Continuing my discussion from the paper I recently published with the Mercatus Center, I'll share a few thoughts about the academic research on USDA programs. This is a huge area of research and there is no way I can cover it all, but I'll try to touch the high points. Underlying citations for all these comments are in the paper.
Standard economic theory suggests that subsidies, whether subsidies in the form of price supports on crops or subsidies on the premiums for crop insurance, distort production decisions and result in so-called deadweight loss. Subsidies—even supposedly “decoupled” farm payments that aren’t tied to production— can sometimes encourage greater production.
Moreover, economic theory suggests that farmers are not the ultimate beneficiaries of farm subsidies. That seems a bit counter-intuitive. How can the recipient of a subsidy not benefit from the subsidy? Well, given an additional subsidy, farmers will compete with one another and bid up the price of fixed assets, such as land or high-quality seed, implying that the owners of fixed assets, such as landowners or holders of patents on seed technology, capture a portion of the subsidy. There is substantial debate in the academic literature (here is the most recent paper on the topic) regarding the share of farm subsidies captured by nonfarmers, but economists almost universally agree that for every $1 in farm subsidies, farmers benefit by less than $1.
Despite popular claims to the contrary, research suggests that farm subsidies have likely had little to no effect on obesity rates.48 First, although such policies may have had some effect on farm commodity prices, these inputs account for only a small share of the overall retail cost of food. Second, agricultural policies are mixed, and some policies (such as those for sugar, ethanol promotion, and the Conservation Reserve Program, or CRP) push the prices of agricultural commodities up rather than down. Third, despite the widely varying agricultural policies across countries and over time (see the previous post), those policies do not correlate well with differences in food prices and obesity rates across countries or with changes in obesity rates over time.
Research suggests that the Conservation Reserve Program (CRP) program has achieved some goals related to erosion, wildlife, and soil and water quality, but some unintended consequences have occurred. Taking some cropland out of production can drive up commodity prices, which in turn incentivizes producers to plant more farmland. This is called a “slippage effect.” There is also some evidence that CRP payments contribute to higher land prices and thus benefit land owners.
Finally, agricultural policies create distributional effects across producers, locations, and commodities. That is, farm subsidies benefit some farmers more than others and actually harm other farmers and consumers.
Food Assistance Programs
While the original food stamp program had dual goals of farm support (or reducing government surpluses) and reducing food insecurity. However, little evidence verifies that the modern-day incarnation, SNAP, has any substantive effect on farm prices. For example, I calculate that for every $1 taxpayers spend on SNAP, farmers benefit by only a penny. Likewise, several years ago Martinez and Dixit calculate that food assistance programs increase farm prices by less than 1 percent.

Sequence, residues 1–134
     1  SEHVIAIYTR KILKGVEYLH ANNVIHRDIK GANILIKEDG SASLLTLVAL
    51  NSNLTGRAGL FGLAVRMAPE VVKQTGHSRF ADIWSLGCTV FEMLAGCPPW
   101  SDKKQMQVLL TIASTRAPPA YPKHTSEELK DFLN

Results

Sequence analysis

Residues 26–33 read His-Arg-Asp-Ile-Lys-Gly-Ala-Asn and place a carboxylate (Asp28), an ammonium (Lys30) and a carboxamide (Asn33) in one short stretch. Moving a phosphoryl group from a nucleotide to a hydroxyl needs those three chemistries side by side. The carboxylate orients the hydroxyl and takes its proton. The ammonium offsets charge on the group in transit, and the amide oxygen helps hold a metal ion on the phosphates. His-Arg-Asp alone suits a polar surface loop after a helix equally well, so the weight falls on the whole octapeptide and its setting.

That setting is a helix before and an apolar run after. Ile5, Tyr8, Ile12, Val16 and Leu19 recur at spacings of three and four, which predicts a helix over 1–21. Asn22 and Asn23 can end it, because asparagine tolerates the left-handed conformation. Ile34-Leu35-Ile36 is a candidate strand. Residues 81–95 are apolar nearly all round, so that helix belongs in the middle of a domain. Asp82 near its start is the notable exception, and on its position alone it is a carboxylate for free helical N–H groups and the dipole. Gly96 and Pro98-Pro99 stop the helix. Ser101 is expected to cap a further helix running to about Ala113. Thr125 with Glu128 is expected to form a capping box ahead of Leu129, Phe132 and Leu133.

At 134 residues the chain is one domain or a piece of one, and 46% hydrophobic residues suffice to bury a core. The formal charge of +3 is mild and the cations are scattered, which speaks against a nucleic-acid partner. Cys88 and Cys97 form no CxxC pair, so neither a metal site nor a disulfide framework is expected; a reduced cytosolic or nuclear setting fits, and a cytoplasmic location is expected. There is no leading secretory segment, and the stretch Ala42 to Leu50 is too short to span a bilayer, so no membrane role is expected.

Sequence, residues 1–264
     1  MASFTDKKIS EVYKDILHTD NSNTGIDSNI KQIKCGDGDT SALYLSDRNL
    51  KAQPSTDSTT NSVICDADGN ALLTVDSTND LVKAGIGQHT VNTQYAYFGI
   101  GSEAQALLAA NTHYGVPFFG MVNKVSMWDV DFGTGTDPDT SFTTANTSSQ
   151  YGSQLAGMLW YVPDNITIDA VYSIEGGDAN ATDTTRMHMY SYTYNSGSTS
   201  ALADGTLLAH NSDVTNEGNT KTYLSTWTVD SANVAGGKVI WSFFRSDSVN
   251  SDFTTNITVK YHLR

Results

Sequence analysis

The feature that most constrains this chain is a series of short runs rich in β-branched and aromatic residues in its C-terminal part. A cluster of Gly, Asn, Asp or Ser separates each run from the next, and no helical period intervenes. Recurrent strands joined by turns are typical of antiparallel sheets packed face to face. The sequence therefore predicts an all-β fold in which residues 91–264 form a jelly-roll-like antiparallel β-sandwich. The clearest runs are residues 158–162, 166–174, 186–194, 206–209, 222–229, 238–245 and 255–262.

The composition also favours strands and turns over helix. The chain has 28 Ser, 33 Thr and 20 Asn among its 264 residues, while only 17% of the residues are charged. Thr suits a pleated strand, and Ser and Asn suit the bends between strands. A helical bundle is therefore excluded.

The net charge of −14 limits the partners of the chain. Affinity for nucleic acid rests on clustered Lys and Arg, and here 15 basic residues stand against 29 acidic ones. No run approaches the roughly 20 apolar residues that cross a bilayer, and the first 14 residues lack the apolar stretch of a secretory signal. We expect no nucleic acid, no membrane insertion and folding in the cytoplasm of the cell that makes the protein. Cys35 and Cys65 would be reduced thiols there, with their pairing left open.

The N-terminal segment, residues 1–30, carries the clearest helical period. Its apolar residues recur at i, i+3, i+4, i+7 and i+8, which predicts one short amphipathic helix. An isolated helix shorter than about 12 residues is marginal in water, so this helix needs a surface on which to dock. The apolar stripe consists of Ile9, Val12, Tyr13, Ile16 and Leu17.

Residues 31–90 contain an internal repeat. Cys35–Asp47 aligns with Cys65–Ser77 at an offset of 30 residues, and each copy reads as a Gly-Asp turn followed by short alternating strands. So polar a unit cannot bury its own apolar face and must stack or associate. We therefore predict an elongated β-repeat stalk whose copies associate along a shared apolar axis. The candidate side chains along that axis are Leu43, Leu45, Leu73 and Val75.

Since at least the work of the economist Herman Southworth in the 1940s, debate has continued about whether food stamps (now SNAP) have effects that differ from unconditional cash transfers. Southworth noted that people who spend more on food than they receive in food stamp benefits (the so-called inframarginal consumers, who represent the vast majority of SNAP recipients) should, in theory, treat the benefits the same as an unrestricted cash transfer. The consumer can get around the restriction that SNAP payments be spent only on food by rearranging which items are purchased with SNAP benefits and which are bought with cash. Despite this theoretical result, some empirical evidence indicates that SNAP benefits tend to increase food purchases by a slightly greater amount than would be expected by an equivalent rise in income, though the evidence is debated.
For similar reasons as discussed above, more recent calls to restrict SNAP purchases to only healthy foods or to outlaw purchases of soda or junk food with SNAP benefits are unlikely to be successful; inframarginal consumers can reallocate which items are paid for by SNAP benefits and achieve the same consumption bundle at the same cost, irrespective of the soda or junk food restrictions.
Reasonably good evidence shows that food assistance programs accomplish their primary objective—reducing hunger among low-income Americans. In addition, the best academic research does not support the view that SNAP benefits result in higher rates of obesity (SNAP participation is correlated with obesity, but it probably doesn't cause it).
A large body of research has investigated the returns to agricultural research funding disseminating from USDA programs like National Institute of Food and Agriculture. The research tends to show large, positive benefits from public investments in agricultural research. One review of 35 studies finds that the average estimated rate of return on US public agricultural research is 53 percent, which is quite high compared with other investment alternatives. In fact, one paper by Julian Alston suggests spending on agricultural research is more beneficial to farmers than farm subsidies. Despite this, the rate of growth in public spending on agricultural research has slowed over time (though private spending has increased for some crops), a phenomenon some researchers argue is partly to blame for declining rates of productivity growth.